Add Selectors That Allow Users to Filter the Dashboard Results
Add filter widgets to a dashboard to give users the ability to slice and dice the data to view results from different angles. For example, you can filter the dashboard results to focus on a specific sales rep or product line. There are two types of filter widgets.
- Global filter panel widgets
- You can add multiple global filters in a global filter panel widget. Use a global filter to apply the same filter to multiple queries in the dashboard. For example, if the dashboard has a separate chart for each rep to compare their performance, use the same filters for all charts so you’re comparing apples to apples. You can specify which queries to apply the global filters to and enable the users to change the filters while viewing the dashboard.
- Selection-based widgets
- Like global filters, filters in selection-based widgets can be changed by users viewing the dashboard. Unlike global filter widgets, selections in these widgets can also trigger selection bindings, which can dynamically change other query parameters (like measures and groupings) or widget properties (like reference lines). We’ll cover bindings in the next unit. The dashboard designer provides four types of selection-based widgets: date, list, range, and toggle. Use a date widget to filter on a date. Use a list or toggle widget to filter on a dimension. Use a range widget to filter on a measure.
In this unit, we use global filters to enable Laura and sales reps to answer different questions without leaving the dashboard.
To view the performance of each rep, Laura needs to be able to filter the dashboard results by rep. For example, to help Dennis meet quota, Laura needs to see the value of his open and won opportunities and see his opportunity records.
Let’s add a filter on sales rep.
While in edit mode, drag the global filter panel widget on top of the chart in the
Notice the red box. This box shows the default size of the chart widget. It’s red to indicate that you can’t place it here. Except for container widgets, widgets can’t overlap.
While dragging the widget, tap Shift to enable reflow, which moves
existing widgets down to make room. Then place the panel widget between the Sales Performance
text widget and the chart widget.
- To enable users to filter on the sales rep, click the panel widget, select the DTC Opportunity dataset and the Opportunity Owner field.
- Click Create to create a filter based on this dataset field.
Save the changes to the dashboard.
Awesome. Those viewing the dashboard can now use this filter to focus on a particular rep.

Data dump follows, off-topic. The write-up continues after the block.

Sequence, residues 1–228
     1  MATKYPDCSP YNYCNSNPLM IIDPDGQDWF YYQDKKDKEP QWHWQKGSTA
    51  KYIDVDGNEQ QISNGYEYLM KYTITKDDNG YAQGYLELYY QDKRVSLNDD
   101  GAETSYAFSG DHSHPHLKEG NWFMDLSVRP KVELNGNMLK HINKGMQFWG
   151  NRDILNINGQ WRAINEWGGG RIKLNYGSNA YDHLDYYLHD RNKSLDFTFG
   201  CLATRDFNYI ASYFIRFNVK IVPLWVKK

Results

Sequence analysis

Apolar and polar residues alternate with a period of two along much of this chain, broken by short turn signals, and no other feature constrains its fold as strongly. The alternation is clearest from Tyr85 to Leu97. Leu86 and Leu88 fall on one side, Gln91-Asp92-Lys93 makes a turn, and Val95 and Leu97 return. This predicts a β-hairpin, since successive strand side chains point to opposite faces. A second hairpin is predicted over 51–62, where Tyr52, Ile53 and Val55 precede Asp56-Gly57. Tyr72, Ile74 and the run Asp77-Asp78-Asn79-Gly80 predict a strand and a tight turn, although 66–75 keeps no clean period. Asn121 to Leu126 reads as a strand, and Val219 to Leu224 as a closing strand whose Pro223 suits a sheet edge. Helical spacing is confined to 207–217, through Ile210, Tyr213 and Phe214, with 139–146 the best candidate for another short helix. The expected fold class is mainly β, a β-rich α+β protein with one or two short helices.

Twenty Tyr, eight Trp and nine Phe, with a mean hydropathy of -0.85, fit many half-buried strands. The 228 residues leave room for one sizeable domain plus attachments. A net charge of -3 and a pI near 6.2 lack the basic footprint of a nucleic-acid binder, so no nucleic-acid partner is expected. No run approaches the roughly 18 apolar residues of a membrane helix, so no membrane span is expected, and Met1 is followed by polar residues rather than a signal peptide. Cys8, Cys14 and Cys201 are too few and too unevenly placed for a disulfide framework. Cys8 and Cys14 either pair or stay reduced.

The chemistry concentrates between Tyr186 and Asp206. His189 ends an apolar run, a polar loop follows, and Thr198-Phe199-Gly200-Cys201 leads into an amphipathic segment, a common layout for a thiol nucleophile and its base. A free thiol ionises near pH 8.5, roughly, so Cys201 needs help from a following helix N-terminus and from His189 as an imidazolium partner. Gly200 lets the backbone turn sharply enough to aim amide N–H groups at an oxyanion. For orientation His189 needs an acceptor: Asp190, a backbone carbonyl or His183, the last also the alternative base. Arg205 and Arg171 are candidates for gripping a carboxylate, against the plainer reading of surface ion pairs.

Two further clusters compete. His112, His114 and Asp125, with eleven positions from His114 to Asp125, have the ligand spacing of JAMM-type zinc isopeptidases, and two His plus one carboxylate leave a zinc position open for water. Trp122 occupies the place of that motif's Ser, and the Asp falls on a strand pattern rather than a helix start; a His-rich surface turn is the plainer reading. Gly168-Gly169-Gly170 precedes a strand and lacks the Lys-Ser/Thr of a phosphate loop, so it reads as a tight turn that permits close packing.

- In the global filter panel widget, select All Global Filters.
- Click Manage Global Filters .
- Click Add Global Filter, select Stage, then click Create.
- Save the dashboard.
You already created filters for opportunity owner and stage, but being able to filter by product family can help your sales team focus on the sales for each product line.
- Add another global filter based on the Product Family field. Like the previous filters, don’t make any filter selections.
- To create a filter, click .
In the next section, you’ll add a filter on deal size so Laura and reps can focus on the more lucrative opportunities.
Let’s build a filter based on the Amount measure so reps can focus on the deals that can help them meet quota the fastest—the million-dollar-plus ones.
- Add another global filter based on the Amount field.
- To create the filter, click .
To get rid of the extra space to the right of the global filters in the panel widget, set
Filters per Row widget property to 4.
- Save the dashboard.
Previously, you helped Laura determine the open, won, and lost opportunity amounts for the entire team. You also created a chart that ranks reps and identifies low performers. And you created a table that shows details about each opportunity record.
Now, Laura can analyze all of this information by rep, stage, product family, and opportunity amount because of the global filters that you added. With the tools you’ve built, she can track the progress of each member of her team. For example, she can use the filters to view Irene Kelley’s won opportunities that are worth more than $250,000. With those won opportunities alone, looks like Irene already qualifies for the trip to Bora Bora—time for her to start packing her bags!
In the next unit, you learn how these widgets interact with each other to change the focus of the dashboard, so you can analyze your business from different angles.